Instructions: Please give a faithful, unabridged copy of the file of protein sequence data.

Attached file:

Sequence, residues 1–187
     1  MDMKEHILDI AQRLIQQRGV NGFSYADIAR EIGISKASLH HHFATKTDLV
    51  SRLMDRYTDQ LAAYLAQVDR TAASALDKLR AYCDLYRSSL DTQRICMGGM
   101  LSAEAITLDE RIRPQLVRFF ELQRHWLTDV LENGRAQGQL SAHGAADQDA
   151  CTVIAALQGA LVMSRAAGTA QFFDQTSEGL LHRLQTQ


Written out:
Sequence, residues 1–187
     1  MDMKEHILDI AQRLIQQRGV NGFSYADIAR EIGISKASLH HHFATKTDLV
    51  SRLMDRYTDQ LAAYLAQVDR TAASALDKLR AYCDLYRSSL DTQRICMGGM
   101  LSAEAITLDE RIRPQLVRFF ELQRHWLTDV LENGRAQGQL SAHGAADQDA
   151  CTVIAALQGA LVMSRAAGTA QFFDQTSEGL LHRLQTQ